What Are the Legal Aspects of Electronic Contracts?
The traditional paper based contract law has rules that apply to matters such as jurisdiction, validity, formation of contract, modifications to contracts. In the world of online trading these are all issues that arise in online contracts and is a challenge to the traditional concepts of contract law.
Right now our industrial and service society is changing to an even more modern information society. One of the most important indicators that shows this change is the growing digital economy. But without any trust of the economic community in electronic contracts the new economy will not be able to unfold its full potential and the benefit for our society will stay behind the possibilities the new technology is able to offer. Either we can build up the trust in technical solutions for electronic contracts or we have to find a new concept for the exchange of goods in the digital age. It surely is easier to create a technical solution for legally valid Electronic Contracts than to redefine a legal mechanism that exists since centuries. But on the other hand a legal system that was generated thousands of years ago does not have the necessary basics to include modern ways of communication. We may have to rethink and to broaden our contract law to enable legally binding Secure Electronic Contracts (SeCo).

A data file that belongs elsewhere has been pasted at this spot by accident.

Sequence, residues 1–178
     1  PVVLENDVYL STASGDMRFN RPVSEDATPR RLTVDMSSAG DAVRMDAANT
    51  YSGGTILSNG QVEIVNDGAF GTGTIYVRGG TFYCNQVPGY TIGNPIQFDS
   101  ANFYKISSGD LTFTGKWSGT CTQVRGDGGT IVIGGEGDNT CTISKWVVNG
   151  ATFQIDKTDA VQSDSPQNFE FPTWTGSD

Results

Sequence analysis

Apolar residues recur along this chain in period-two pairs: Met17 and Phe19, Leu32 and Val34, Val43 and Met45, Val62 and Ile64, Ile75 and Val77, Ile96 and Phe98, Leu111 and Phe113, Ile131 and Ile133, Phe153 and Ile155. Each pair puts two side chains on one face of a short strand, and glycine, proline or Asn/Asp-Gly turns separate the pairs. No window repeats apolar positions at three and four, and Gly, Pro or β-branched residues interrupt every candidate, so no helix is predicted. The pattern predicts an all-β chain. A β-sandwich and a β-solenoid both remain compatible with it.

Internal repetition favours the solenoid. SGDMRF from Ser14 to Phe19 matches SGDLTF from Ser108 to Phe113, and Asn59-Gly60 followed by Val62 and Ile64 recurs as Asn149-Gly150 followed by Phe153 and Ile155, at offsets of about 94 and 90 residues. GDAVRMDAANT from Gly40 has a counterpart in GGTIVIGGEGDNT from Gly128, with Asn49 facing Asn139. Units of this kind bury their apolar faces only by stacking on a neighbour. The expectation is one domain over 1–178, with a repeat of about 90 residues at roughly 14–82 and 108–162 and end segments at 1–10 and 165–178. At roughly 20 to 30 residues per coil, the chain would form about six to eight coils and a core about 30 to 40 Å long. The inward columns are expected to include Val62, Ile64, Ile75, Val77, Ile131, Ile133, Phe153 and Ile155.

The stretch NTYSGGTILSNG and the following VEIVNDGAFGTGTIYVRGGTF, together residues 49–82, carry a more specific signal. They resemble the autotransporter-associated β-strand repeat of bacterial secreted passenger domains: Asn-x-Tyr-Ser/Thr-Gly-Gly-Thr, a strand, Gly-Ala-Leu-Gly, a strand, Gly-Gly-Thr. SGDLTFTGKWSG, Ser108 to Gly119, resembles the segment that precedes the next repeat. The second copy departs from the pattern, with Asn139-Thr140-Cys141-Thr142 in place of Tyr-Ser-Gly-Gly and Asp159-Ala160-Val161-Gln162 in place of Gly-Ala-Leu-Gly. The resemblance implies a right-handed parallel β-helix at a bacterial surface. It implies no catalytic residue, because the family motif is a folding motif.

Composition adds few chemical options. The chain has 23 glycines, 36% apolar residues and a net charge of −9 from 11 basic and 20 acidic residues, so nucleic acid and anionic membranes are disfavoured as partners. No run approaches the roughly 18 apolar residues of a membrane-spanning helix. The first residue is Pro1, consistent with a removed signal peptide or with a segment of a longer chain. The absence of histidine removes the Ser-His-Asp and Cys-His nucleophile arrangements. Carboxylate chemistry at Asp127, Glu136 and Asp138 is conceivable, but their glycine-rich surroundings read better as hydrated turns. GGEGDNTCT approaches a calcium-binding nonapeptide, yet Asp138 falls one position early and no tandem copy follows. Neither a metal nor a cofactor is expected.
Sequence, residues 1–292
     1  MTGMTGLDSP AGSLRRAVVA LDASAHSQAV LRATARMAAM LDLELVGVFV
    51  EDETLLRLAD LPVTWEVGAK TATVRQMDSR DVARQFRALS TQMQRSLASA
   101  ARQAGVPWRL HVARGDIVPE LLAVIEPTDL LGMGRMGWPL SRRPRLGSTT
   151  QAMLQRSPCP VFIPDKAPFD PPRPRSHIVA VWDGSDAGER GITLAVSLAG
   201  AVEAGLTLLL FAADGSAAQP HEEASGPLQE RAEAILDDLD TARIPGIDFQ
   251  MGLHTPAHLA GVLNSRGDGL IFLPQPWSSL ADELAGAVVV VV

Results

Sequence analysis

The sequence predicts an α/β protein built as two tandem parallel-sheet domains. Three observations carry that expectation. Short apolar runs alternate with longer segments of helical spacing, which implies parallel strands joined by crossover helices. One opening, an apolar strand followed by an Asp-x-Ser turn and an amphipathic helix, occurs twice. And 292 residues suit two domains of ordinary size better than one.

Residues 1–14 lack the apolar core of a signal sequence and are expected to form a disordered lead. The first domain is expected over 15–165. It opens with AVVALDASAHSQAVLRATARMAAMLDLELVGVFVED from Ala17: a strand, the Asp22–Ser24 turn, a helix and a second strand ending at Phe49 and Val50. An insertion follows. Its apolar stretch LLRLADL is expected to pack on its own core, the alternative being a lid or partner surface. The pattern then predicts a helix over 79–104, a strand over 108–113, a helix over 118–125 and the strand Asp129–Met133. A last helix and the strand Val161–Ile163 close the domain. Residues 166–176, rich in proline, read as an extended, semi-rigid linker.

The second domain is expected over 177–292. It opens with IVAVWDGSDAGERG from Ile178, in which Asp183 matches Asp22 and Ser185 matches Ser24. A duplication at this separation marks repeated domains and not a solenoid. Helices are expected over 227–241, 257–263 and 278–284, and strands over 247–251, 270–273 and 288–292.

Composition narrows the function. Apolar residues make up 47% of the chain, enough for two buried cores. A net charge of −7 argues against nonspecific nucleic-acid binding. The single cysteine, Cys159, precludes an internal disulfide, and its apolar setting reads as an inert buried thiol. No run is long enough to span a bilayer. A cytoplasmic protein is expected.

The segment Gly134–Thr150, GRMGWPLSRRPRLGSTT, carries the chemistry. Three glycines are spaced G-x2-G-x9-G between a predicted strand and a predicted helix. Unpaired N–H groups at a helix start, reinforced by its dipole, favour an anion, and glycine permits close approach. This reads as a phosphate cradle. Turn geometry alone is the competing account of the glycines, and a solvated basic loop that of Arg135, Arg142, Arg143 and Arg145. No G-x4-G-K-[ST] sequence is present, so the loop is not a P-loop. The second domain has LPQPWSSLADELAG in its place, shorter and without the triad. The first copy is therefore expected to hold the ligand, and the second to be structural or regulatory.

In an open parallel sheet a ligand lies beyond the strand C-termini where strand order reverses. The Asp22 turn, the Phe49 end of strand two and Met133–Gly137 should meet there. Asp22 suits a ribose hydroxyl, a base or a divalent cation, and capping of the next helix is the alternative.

Thus, it is crucial to consider new legal issues raised by e-contracts and find whether the relevant legal framework is appropriate to meet new challenges posed by them or not. But before switching to the discussion, it is pertinent to give the definition of e-contracts. E-contracting is ‘the automated process of entering into contracts via the parties’ computers, whether networked or through electronic messaging.’ E-contracts are treated the same as offline contracts according to the Article 9 of the E-Commerce Directive 2000. However, despite the established legal framework for online contracts, new legal issues raised by them still cause certain challenges and vagueness to the specifics of contract formation. Even if the established legislation tries to deal with the issues online contracts raise, are they effectively addressed in practice? Do the rules of offline contracts really apply to online scenarios?
These fast and deep transformations are now being considered worldwide as the second most important revolution behind the industrial one. Using e-mail application for various services that different institutions and companies are offering to citizens enables lowering costs of printing, color, archiving requiring considerable space, and is also faster than service, and more quality.
Chris Reed, Computer Law (7th edition, OUP, 2011) p 268
Jeremy Newton, ‘Online contracts: web hosts beware’ (1999) 1 (5),EBL, 5
Andrew Murray, ‘Entering into Contracts Electronically: The Real WWW’ in L Edwards and C Waelde (eds), Law and the Internet: A framework for Electronic Commerce, (2nd edition, OUP, 2000) p 19